University of Michigan's Stephen Forrest: 'We've got to commit to something'
Stephen Forrest doesn’t mind picking winners.
In fact, he thinks it’s imperative.
Forrest, the University of Michigan’s vice president for research and chairman of Ann Arbor SPARK, is a fervent proponent of leveraging university technology to reconstruct Michigan’s economy on the backbone of alternative energy and other technologies.
The grants came after the state distributed some $700 million in its own tax incentives for battery companies.
Some critics have questioned whether the state should be distributing heavy tax incentives to industries such as the startup vehicle battery world. But Forrest argues that doing nothing would be worse.
“Companies and society have to prioritize somewhere,” he said.
Meanwhile, the university is already starting work on a new solar
energy research center funded by a 5-year, $19.5 million Energy Frontier
Research Grant from DOE.
Forrest, a solar energy expert himself, recently spoke with AnnArbor.com’s Nathan Bomey:
AnnArbor.com: How significant was the battery grants announcement?
Forrest: It’s huge. It’s a reinvestment in the state - and it really all has to do with reinventing the car, the vehicle.
That becomes very important, because we’re at a time where we have
to reinvent the vehicle. And we have to do it here in Michigan or it’s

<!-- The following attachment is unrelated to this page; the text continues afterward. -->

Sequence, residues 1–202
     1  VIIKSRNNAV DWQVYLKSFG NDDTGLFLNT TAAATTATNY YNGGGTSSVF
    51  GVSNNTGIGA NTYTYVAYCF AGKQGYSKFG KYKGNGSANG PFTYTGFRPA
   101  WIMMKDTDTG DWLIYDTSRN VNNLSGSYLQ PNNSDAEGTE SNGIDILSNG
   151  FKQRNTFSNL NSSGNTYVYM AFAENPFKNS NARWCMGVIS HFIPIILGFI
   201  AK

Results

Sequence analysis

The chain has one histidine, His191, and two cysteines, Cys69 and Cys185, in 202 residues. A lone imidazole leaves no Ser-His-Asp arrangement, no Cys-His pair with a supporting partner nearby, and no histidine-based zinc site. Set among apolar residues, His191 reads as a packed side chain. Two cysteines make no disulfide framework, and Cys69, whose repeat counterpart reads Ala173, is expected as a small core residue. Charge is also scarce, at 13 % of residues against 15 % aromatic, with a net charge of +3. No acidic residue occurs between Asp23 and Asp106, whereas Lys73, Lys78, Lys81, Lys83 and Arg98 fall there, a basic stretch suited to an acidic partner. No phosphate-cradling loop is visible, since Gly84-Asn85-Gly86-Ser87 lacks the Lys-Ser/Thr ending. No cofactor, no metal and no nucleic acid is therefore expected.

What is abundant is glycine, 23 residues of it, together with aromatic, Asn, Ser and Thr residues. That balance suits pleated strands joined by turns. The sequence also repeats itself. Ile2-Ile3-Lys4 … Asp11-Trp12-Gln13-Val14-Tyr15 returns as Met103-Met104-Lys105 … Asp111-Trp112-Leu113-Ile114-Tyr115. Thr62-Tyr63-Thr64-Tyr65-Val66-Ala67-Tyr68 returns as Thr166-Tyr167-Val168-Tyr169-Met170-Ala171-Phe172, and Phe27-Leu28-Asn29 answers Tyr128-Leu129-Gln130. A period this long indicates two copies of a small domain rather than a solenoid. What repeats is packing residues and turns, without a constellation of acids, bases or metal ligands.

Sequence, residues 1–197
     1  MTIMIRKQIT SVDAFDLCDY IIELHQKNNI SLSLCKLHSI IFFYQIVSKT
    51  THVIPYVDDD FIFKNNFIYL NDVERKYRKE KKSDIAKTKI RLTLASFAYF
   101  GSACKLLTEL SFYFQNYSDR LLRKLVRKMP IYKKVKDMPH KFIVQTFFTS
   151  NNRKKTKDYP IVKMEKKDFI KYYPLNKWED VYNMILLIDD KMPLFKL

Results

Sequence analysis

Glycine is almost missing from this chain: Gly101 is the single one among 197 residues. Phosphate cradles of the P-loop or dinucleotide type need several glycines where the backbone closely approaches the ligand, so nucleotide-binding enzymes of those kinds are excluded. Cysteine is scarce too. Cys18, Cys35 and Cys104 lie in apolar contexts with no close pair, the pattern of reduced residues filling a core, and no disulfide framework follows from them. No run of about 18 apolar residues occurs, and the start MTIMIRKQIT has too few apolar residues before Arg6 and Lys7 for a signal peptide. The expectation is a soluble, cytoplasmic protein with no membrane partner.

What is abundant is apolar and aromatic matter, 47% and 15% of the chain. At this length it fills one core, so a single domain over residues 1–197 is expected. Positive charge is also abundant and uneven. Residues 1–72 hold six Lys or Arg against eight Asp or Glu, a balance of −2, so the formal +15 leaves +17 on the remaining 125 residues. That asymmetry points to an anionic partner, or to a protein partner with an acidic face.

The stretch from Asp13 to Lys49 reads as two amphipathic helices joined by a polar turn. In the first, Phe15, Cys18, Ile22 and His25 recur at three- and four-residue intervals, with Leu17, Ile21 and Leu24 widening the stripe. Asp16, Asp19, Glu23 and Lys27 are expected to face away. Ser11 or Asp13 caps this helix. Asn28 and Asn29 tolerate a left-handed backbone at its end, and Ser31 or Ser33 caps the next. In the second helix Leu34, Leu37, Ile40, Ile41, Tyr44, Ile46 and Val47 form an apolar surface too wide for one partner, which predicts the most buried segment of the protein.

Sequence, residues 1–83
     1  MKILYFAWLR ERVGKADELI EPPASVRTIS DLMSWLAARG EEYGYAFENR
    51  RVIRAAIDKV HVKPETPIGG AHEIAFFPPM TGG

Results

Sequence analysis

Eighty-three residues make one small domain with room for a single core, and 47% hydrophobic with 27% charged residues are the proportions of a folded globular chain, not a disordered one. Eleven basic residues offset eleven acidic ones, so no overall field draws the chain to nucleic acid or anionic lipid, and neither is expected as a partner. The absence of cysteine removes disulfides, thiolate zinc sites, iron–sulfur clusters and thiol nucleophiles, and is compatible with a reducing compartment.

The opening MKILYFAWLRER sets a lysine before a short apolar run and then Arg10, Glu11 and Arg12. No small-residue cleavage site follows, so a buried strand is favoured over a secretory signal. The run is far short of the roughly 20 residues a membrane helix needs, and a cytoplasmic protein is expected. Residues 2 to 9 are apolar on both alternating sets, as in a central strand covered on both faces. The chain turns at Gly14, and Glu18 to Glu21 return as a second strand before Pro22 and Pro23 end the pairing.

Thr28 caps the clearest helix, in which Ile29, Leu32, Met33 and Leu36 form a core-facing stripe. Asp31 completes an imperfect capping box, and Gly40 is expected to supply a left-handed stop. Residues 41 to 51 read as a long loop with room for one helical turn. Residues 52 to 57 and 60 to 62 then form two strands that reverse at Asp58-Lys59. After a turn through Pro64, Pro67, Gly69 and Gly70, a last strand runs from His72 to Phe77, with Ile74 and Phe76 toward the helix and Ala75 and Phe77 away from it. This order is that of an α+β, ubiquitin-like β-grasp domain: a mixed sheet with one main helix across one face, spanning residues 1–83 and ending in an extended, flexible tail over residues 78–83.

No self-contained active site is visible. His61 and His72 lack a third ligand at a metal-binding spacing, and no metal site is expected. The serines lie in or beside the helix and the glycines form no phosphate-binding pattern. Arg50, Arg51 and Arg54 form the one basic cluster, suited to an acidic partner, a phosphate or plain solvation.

going to happen elsewhere.
It’s the way we really start to lay the foundation for a new economy.
The university has obviously long had research expertise in these areas. How can the university contribute real advancements that make a difference?
Although the economy is in a significant downturn in Michigan, we have targeted hiring six or seven people in the battery area.
That’s a high priority. Building that workforce is crucial, so we can do the invention that is building the knowledge.
We not only can reinvent the battery, but we can also build the
workforce simultaneously. We can work with our industrial partners, so
everything starts to come together.
It really is the key to the new car, the new transportation paradigm.
Does the state need to get away from the auto image?
It has to definitely broaden. The auto image isn’t helping us and hasn’t for sometime.
It doesn’t mean that we can’t rebuild our auto industry. I believe we can. We have to form it on a different base than we have been.
It’s not going to be large-scale manufacturing. Those jobs are moving south, that’s all there is to it.
If we are only an automotive state, we will be stuck with the same cycles we’ve always been stuck with, which have never been pleasant.
Some critics think we’re over-committing to batteries right now, considering that the market is still really small. Any thoughts on that?
We’ve got to commit to something. These are building sectors. Companies and society have to prioritize somewhere.
You can’t be all things to all people, and we’re building on a very firm base. We have the engineering expertise here, if it’s anywhere. Renewable energy in general, of which batteries is a piece, is a very good place to be for this state, I believe.
With the energy frontier research grant, how pleased are you about that? It’s your area - are you going to be logging any hours?